In the first part of our series we met our target – Yane – who could be any one of us. We saw why Yane was a good target, even though he was just an average person. In this section, we will talk about the ways hackers will attack us.

Many attack methods, but all of them are “helped” by the target itself

The physical distance of the attacker and the target implies that the attacker is never in full control of the attack. A hacking attack always relies on the help from the target in order to be successful. This implies carelessness, naivety, irregular software updates, comfort or lack of discipline that will be used against the target.

Image by Mohamed Hassan from Pixabay

Yane’s bad habits that help the hackers

Our average person – Yane – has a few bad habits when in the digital world.

Yane has no will to deal with the technological specifics of the equipment and services used. He believes that the hardware and software manufacturers must protect him from such attacks.

When browsing the Internets, social networks and electronic transactions, he uses a total of three
or four easy-to-remember passwords. He hasn’t changed the passwords for many years and enters them even on sites he visited only once.

Yane is an active user of digital communications and regularly checks and reads the messages he receives. He participates in promotions to get free items by completing online surveys and lotteries.

How is Yane attacked via message?

The most common method of hacking is a variation of the e-mail scam known as phishing, when Yane receives a message in his e-mail inbox or on the social networks. The message sent to Yane has a content which can convince him to act immediately in order to receive a reward, an opportunity to earn or prevent loss of money. Maybe even some young and beautiful woman will message him telling she would like to meet him.

The message contains instructions for one of the following:

  • To volunteer his password for a website in a message with a link for “confirming” access
    to electronic banking, social network or another important website.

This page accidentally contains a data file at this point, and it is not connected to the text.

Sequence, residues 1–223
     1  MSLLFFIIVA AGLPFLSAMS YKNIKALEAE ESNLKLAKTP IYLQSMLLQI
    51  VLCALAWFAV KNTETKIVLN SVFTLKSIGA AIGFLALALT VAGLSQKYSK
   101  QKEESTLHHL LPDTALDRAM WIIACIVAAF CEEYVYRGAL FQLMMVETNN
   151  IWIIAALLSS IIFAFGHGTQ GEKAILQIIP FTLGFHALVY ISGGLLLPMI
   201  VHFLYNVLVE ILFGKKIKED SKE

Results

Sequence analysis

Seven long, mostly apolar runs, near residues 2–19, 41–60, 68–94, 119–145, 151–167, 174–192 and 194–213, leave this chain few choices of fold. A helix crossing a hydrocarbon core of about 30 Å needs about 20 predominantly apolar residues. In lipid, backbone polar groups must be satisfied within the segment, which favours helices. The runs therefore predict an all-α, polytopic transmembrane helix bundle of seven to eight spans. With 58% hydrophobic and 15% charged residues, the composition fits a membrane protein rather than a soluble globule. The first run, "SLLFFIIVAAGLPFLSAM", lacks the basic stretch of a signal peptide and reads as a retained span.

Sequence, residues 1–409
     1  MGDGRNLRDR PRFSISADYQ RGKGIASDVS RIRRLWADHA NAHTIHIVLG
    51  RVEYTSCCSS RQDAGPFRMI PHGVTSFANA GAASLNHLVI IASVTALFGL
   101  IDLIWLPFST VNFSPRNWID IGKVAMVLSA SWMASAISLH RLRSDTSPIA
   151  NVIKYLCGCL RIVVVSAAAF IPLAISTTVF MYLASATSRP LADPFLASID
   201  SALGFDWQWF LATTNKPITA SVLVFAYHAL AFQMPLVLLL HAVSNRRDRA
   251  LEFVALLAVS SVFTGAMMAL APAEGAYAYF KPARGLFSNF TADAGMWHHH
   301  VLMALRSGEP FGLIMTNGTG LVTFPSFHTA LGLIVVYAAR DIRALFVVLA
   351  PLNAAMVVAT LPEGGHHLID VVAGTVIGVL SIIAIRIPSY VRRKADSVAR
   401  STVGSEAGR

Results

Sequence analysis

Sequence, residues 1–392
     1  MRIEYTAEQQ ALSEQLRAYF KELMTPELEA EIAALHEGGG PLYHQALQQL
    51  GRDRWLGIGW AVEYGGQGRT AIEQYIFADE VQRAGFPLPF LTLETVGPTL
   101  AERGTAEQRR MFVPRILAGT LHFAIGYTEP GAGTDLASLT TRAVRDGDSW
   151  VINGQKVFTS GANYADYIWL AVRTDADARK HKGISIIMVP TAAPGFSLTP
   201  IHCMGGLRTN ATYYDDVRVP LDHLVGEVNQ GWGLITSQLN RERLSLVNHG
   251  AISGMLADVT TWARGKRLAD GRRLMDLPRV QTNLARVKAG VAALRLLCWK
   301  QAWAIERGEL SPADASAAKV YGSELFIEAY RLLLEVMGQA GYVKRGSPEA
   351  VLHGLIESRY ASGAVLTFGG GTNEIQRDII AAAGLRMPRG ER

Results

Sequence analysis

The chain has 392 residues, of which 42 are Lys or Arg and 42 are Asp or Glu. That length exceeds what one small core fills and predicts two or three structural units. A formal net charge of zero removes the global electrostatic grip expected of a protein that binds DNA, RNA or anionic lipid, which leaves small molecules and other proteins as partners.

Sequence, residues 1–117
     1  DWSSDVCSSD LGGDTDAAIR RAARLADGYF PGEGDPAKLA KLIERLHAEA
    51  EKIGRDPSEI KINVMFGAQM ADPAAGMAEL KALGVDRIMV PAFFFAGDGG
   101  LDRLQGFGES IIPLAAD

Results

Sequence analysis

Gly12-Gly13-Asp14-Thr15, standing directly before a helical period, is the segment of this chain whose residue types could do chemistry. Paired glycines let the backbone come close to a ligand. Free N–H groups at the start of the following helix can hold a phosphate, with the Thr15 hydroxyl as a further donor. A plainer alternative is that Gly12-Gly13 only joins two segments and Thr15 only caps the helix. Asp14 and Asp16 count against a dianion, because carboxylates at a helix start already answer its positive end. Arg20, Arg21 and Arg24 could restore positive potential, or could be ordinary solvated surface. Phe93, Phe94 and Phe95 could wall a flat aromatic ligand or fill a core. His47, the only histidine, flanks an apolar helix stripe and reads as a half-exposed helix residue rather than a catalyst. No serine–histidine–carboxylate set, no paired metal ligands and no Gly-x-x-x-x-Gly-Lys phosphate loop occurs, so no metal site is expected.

• To download and install or run a program to chat with a girl, in order to prevent the spread of a virus or perhaps to check an unpaid bill.
  • To enter his card details for a small commission before the reward or before the delivery of an expected package.
  • To enter all the contact details to continue chatting with the young beautiful girl, or to win a prize.

In fact, Yane is persuaded to volunteer his password to a criminal website, to install a virus or blackmail program that will encrypt his disk, to give the credit card and personal details to criminal sites and criminals.

Guessing an insufficiently complex password

The second most common method of hacking is preemptive, asYane is using the same easy passwords for all websites and never changes them. All the sites in the world have been hacked, or will be hacked, and during that hacking on the black market of digital crime, usernames and passwords from those sites will appear.

Among those names and passwords will be Yane’s passwords that the criminals will then try through a simple program on countless other social networks, electronic banking sites, e-mail systems and anything else that Yane uses.

Because Yane uses the same passwords on many sites, the hackers will find the used sites and gain access to Yane’s digital life.

Exploiting a vulnerability in outdated software

The last easiest way to hack, similar to the previous, is already done when Yane did not update
the operating system and software of this devices. When such devices are connected to the Internet – usually all the time – they are the target of constant automatic scan by attacker programs that check if they are vulnerable to any known attack.

The average time between the first connection of a device to the Internet and its detection from attacking programs is about a hour. Once detected, checks by such programs are constant. Some of them are active, some are embedded in websites that Yane visits.

Every software has a security vulnerability that is well documented and there is a way to abuse it. By abusing the exploit, the hacker gains remote access to Yane’s devices, and he will be able to install his own viruses or other programs to either blackmail or further sell access to Yane’s computer to other criminals for their own needs.

Now what?

In this text we have considered how hackers attack each of us. The attacks are cheap and easy to execute because they do not require constant human involvement. Most of the time, these attacks are completely automated to the very end, until the hacker receives confirmation that Jane provided his data, installed a virus, has outdated software, or found a new site with Yane’s old password.

As we went through the ways in which Jane will be attacked, consider how vulnerable are you to those attacks.

In the following text we will discuss what can you do to reduce the risk of an attack.

Author: Bozidar Spirovski, online security expert.

This text was produced as part of the project “Good Governance in Cybersecurity on the Westen Balkans”, implemented by DCAF – Geneva Centre for Security Sector Governance, funded by Foreign, Commonwealth and Development Office of the Government of the United Kingdom. The contents of the text is the sole responsibility of the author and the Metamorphosis Foundation and may not reflect the positions of DCAF and the donor.